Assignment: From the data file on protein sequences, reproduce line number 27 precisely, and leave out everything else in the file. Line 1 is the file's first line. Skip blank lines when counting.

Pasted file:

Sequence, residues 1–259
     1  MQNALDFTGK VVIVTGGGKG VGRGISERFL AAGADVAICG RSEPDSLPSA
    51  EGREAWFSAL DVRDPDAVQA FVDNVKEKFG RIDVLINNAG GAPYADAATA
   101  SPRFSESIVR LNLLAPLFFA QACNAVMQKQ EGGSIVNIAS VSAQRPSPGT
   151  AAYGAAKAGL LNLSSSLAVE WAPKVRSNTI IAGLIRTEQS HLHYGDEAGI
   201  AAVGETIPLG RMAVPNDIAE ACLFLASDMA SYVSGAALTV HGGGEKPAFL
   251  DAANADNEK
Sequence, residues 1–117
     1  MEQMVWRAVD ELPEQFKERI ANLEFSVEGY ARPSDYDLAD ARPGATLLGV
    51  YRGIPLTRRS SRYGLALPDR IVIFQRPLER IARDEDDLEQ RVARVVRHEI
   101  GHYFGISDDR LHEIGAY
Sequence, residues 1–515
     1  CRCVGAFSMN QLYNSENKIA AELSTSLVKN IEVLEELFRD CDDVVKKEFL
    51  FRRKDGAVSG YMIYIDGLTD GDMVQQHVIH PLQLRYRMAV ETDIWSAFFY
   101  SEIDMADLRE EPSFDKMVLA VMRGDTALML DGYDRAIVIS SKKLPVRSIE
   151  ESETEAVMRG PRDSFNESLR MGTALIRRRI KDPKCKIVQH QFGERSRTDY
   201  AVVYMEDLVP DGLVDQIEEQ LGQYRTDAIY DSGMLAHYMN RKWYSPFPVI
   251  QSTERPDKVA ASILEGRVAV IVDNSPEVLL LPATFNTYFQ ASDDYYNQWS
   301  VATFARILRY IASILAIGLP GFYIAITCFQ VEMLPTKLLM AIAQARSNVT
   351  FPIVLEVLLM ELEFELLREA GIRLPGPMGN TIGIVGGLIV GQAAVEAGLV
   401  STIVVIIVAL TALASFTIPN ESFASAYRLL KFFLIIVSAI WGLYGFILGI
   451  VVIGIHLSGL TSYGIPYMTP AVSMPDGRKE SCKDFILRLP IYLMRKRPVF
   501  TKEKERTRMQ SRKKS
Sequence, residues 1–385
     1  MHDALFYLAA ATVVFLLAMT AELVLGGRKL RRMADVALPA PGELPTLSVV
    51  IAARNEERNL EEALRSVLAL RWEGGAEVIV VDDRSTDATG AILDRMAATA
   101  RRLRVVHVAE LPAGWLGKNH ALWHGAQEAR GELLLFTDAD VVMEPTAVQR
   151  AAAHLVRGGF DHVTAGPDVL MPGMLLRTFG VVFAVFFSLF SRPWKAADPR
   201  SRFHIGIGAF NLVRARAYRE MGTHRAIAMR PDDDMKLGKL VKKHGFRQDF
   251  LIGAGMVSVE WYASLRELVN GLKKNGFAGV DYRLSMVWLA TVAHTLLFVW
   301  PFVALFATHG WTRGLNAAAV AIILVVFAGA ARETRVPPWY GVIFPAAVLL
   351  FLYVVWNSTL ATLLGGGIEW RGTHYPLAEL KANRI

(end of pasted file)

   101  RRLRVVHVAE LPAGWLGKNH ALWHGAQEAR GELLLFTDAD VVMEPTAVQR